Angels Landing Hiking Guide, Zion National Park

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Angels Landing is one of the most iconic hikes in Zion National Park—and with good reason. The trail to the seemingly inaccessible summit passes along a thin, rocky ridge with 1,000-foot dropoffs on either side. Only thick metal chains bolted into the rock offer protection in the form of handholds.

Though not technically challenging, Angels Landing is not for those with a fear of heights. Be aware that over a dozen people have died on the trail. (See the “Death on Angels Landing” section below.) Also be aware that hundreds of thousands more have lived—and experienced views they will never forget.

Standing on the summit of Angels Landing, surrounded by extraordinary panoramas in the heart of Zion Canyon, is nothing short of sublime. If you’ve got the mental and physical stamina to conquer this 1,500-foot altar, Angels Landing will leave you in a state of rapture.

Angels Landing summit, Zion National Park, Utah

Angels Landing Trail Facts

Difficulty: Strenuous
Hiking Time: 4–5 hours
Distance: 5 miles round-trip
Elevation Change: 1,488 feet

Best Time to Hike Angels Landing

Spring and Fall are the best seasons to hike Angels Landing. In summer the trail is extremely crowded. In winter the trail can be icy and dangerous.

Angels Landing Trailhead

The trail to Angels Landing starts near The Grotto shuttle stop (#6). Tip: Use the bathrooms at The Grotto; the toilets at Scout Lookout are overwhelmed. From the shuttle stop, cross the road and walk across the footbridge over the Virgin River. Turn right and follow the well-trodden trail.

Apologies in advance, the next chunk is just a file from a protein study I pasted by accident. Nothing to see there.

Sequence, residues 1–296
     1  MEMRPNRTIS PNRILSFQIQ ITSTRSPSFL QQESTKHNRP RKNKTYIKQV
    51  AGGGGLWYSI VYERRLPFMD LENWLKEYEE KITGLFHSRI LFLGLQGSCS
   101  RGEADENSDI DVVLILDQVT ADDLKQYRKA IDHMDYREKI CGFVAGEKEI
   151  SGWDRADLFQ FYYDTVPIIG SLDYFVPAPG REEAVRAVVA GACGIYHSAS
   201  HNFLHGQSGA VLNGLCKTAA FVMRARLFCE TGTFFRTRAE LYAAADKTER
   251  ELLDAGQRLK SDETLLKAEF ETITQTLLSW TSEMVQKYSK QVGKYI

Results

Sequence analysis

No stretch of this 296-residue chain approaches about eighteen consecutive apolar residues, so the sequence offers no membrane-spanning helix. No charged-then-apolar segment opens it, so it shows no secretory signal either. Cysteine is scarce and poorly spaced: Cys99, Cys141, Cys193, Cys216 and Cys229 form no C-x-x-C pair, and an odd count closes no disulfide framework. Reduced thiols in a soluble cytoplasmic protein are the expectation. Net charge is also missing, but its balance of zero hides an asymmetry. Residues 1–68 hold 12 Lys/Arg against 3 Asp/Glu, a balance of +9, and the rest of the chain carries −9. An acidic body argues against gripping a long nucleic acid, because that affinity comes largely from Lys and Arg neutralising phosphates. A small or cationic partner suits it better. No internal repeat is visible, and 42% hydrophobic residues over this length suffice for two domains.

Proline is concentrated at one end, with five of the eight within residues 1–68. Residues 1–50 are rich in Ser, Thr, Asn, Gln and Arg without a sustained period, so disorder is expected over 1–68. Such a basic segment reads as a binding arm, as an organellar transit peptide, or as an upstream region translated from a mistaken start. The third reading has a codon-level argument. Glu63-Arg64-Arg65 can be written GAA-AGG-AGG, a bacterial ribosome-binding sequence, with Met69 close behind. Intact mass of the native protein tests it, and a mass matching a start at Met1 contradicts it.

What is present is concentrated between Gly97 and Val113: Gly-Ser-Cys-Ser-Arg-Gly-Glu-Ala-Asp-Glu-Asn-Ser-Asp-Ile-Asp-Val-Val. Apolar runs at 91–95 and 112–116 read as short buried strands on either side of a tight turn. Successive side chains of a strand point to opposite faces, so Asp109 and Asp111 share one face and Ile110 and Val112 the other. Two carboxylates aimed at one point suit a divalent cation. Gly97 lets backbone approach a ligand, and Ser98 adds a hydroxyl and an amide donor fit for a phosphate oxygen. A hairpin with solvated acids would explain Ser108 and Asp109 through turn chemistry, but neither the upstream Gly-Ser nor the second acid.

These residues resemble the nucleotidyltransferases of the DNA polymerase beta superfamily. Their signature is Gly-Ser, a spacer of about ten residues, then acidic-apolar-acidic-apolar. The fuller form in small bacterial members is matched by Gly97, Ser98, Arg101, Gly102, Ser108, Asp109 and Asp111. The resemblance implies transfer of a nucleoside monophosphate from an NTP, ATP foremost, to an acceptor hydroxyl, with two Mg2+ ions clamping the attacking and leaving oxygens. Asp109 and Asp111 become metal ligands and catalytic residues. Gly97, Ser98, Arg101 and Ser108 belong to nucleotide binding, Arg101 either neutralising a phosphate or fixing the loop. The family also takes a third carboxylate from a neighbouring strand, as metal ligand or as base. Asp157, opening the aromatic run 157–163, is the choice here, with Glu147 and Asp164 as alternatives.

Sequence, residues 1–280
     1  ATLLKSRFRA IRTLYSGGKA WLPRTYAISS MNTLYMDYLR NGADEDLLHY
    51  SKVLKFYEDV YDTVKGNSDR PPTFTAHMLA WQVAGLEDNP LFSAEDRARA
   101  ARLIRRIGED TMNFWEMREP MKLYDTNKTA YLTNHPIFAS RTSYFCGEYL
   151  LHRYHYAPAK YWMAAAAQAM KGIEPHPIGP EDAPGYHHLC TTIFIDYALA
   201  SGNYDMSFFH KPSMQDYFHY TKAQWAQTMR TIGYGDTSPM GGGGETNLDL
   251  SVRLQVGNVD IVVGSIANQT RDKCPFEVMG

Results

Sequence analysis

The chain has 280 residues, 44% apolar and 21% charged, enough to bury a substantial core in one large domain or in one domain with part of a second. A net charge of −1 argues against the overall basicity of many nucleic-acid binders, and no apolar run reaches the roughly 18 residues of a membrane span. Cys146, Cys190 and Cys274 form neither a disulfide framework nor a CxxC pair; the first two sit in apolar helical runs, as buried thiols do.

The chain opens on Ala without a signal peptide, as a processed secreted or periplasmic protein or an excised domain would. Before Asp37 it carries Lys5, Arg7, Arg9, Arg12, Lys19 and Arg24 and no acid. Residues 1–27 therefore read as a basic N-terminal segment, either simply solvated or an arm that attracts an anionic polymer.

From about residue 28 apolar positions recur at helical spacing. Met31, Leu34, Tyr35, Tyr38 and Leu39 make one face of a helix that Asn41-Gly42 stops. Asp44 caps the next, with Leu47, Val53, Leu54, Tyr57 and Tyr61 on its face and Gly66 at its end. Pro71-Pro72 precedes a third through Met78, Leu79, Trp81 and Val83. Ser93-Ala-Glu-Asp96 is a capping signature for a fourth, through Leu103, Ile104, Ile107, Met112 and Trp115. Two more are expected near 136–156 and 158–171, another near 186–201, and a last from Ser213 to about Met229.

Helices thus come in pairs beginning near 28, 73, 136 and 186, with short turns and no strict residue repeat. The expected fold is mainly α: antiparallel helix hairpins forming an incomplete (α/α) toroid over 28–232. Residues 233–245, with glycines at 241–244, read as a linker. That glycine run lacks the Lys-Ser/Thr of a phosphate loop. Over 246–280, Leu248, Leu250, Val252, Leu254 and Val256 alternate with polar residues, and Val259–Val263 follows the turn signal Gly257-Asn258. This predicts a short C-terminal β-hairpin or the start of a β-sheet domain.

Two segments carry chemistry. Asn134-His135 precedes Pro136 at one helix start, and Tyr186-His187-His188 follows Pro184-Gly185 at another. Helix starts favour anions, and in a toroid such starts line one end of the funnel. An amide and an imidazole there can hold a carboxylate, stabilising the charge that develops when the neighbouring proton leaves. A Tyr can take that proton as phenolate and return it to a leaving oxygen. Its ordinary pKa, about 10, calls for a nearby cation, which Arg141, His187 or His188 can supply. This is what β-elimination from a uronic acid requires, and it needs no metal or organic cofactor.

Angels Landing Trail, Zion Canyon

Trail Description

The trail to Angels Landing starts across the street from The Grotto (shuttle stop #6). After crossing a footbridge, stroll above the west bank of the Virgin River, then ascend toward the steep cliffs looming above.

As you climb higher and higher, gorgeous views of Zion Canyon unfold below. A series of switchbacks takes you to a long, straight section blasted into the side of Cathedral Mountain. Although the dropoff is steep, the trail is fairly wide and rocks provide a small barrier on the edge. After rounding a corner you’ll head into Refrigerator Canyon.

Refrigerator Canyon, Zion National Park

Refrigerator Canyon (1.3 miles) 

Carved deep into the cliffs between Cathedral Mountain and Angels Landing, Refrigerator Canyon receives little sunlight and is noticeably cooler than the rest of the trail. Take some time to enjoy the fabulous geology. Also notice the plants, many of which are normally found at higher (cooler) elevations. Particularly noteworthy are bigtooth maples, whose leaves turn bright red in autumn.

Walters Wiggles, Zion National Park
Walters Wiggles, Zion National Park

Walter’s Wiggles (1.8 miles)

To exit Refrigerator Canyon you’ll need to climb Walter’s Wiggles, a series of 21 steep switchbacks. The Wiggles aren’t technically demanding, but their 19% grade is sure to quicken your pulse. The switchbacks are named after Walter Ruesch, the park’s first custodian (superintendent), who helped design and build the trail in the mid-1920s. 

Scout Lookout, Angels Landing, Zion National Park

Scout Lookout (2.1 miles)

Beyond the top of Walter’s Wiggles lies Scout Lookout, the final patch of non-scary terrain before the knife-edge route to Angels Landing begins. This is a great place to stop for a snack or lunch, but watch out for aggressive squirrels and chipmunks. The fearless rodents will nibble holes in unattended backpacks in their quest for tasty people food. Two toilets are perched above Scout Lookout—and you might need to use them after glimpsing the final stretch of trail.